Someone once said, “Fathers are what give daughters away to men who aren’t nearly good enough for them, so they can have children smarter than anybody’s.”
Every day hundreds of men suddenly find themselves designated the “father of the bride.” And each one travels down a nostalgic memory-laden path and asks himself. Why should a father have to give away his little girl? It seems like only yesterday that she was a red-faced, wrinkled infant behind a nursery window. A toddler who pulled on his pant legs. A gangly gap-toothed sprite who rode on his shoulders. And a blossoming young woman who tugged on his heartstrings.
The father of the bride fluctuates rapidly between nostalgia and nausea. One man said that giving his daughter in marriage could only be compared to taking a $100,000 Stradivarius violin and giving it to a gorilla.
In all the excitement of a wedding, the father may become the forgotten man. His opinion is asked about nothing; but he’s expected to pay for everything. He has to put up with pre-nuptial nerves, tight tuxedoes, and endless discussions about colors and flowers—considered earth-shaking issues in his household.
Although many years ago, I can still see my father pacing up and down the church hall before my wedding. Maybe he was thinking about handing me over to a man he had known less than two days. In that solemn moment before the Wedding March began, he turned to me and said, “The get-away car is parked by the door. It’s not too late if you want to forget the whole thing.”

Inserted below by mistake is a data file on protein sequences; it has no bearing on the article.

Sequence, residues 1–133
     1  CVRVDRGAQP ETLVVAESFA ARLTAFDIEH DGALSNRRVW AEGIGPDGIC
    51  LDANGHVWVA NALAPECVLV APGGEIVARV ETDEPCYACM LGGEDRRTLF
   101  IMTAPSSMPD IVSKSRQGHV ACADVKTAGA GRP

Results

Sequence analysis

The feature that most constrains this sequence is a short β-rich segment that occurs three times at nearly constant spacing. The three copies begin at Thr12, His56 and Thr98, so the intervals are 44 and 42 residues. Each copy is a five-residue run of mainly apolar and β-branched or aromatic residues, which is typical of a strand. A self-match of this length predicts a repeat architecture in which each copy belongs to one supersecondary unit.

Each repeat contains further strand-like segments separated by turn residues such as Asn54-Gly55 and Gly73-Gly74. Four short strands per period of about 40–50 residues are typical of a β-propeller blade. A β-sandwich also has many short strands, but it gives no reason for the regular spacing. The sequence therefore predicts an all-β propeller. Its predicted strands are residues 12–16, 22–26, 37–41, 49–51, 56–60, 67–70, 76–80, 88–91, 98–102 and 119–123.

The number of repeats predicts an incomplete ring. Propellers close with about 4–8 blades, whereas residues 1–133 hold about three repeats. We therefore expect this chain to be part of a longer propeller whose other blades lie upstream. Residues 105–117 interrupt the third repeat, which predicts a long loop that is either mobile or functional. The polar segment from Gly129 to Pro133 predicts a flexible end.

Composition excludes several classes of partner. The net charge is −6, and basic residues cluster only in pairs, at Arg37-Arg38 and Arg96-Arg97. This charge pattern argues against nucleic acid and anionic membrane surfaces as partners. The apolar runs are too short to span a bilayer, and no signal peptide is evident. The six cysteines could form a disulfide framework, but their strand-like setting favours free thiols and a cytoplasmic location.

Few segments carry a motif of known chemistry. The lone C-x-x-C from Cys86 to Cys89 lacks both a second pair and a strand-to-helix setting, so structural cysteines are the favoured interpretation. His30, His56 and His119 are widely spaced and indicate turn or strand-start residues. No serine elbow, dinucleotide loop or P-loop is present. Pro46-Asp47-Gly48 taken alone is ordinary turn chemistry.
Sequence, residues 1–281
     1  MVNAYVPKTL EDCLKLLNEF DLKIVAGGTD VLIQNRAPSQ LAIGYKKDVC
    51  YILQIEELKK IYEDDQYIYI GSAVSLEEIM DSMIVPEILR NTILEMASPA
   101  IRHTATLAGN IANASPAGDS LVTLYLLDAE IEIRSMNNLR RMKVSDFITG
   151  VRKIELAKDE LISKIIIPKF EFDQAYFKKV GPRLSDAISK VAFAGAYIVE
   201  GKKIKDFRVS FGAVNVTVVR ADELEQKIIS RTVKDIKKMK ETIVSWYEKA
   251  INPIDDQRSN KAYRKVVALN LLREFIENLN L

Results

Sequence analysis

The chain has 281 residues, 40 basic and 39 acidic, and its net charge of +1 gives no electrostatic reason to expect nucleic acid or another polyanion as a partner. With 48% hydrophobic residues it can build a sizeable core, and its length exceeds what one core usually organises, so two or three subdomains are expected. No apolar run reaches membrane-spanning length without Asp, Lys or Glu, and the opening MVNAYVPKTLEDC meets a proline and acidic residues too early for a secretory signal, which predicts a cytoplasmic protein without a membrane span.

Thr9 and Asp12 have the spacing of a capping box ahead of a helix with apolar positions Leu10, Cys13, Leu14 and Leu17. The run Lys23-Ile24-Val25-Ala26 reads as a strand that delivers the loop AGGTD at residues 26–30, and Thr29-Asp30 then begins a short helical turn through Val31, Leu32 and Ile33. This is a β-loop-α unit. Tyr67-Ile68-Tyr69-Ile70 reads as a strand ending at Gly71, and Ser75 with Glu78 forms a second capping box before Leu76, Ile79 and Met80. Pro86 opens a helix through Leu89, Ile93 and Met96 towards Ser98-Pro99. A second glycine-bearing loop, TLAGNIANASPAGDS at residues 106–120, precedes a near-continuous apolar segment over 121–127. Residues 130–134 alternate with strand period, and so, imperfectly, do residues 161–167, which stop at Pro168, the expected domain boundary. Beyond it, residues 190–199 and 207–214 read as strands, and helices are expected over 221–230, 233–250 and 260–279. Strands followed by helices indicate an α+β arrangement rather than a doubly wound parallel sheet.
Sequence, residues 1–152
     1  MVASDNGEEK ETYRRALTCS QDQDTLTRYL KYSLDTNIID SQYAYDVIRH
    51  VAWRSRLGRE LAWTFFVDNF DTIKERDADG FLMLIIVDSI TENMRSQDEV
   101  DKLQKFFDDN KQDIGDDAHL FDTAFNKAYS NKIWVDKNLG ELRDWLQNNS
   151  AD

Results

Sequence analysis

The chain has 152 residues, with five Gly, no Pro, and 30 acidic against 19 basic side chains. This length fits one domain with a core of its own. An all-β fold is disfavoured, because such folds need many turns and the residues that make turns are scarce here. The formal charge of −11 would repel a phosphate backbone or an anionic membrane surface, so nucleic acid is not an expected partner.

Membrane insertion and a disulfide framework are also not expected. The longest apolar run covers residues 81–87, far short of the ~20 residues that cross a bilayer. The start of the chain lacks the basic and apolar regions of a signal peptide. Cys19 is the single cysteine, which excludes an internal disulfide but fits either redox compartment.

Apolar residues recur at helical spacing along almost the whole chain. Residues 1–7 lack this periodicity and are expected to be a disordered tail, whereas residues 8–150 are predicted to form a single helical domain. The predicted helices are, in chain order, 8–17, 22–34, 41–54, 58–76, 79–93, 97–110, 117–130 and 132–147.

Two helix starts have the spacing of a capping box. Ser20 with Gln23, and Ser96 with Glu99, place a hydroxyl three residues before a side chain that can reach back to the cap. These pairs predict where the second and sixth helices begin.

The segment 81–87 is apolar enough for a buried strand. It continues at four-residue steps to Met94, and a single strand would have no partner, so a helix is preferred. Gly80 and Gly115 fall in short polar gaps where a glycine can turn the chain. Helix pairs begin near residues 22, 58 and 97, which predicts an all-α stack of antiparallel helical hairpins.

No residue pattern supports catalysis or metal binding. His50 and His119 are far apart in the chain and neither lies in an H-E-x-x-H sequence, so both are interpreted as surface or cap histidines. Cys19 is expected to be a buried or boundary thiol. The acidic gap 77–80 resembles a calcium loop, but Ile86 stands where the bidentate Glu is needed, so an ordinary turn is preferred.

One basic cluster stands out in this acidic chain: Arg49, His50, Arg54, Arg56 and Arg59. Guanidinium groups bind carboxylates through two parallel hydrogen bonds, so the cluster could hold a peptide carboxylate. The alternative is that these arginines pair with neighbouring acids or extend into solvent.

I didn’t. But in that one expression, my father told me what alcoholism and cynicism had kept him from putting into appropriate words or actions–he loved me. Enough to continue supporting me indefinitely. Enough to want to be certain that I knew my heart. Although he wasn’t sure about “gaining a son,” he didn’t want to lose a daughter.
Even the best father-child relationship (which ours certainly wasn’t) can only imperfectly picture the heavenly Father’s love for his children. John wrote: “Behold what manner of love the Father has bestowed on us, that we should be called the children of God” (1 John 3:1a NKJV). From spiritual infancy to maturity, He cradles, carries, and comforts us. But in the frenzied pace of life, God the Father may become the forgotten man. Whose opinion is sought about nothing—until the bills come due. Then we cry out for His assistance. And we find that He has been with us all the time, patiently waiting for our priorities to change from personal whims to vital issues.
Although not visible, God’s arm of support is substantial. He asks us to search our hearts and to lean on Him as we walk into an uncertain future. His love goes with us. And it is enough. Enough to last beyond all earth-bound loves. This “Wedding March” has rung out millions of times through the ages. The heavenly Father has gained many sons. And He has never lost a daughter.
**This article is part of Vicki Huffman’s nonfiction Christian book, The Best of Times with a Foreword by Dr. Warren Wiersbe, originally published by Broadman Press. Although the book is out of print, Vicki has revised and updated it to make it available as an affordable e-book . The Best of Times is a collection of inspirational (some humorous, some touching) vignettes about the “times” mentioned in Ecclesiastes 3:1-8. Look for it in Amazon’s Kindle section starting July 5, 2011.
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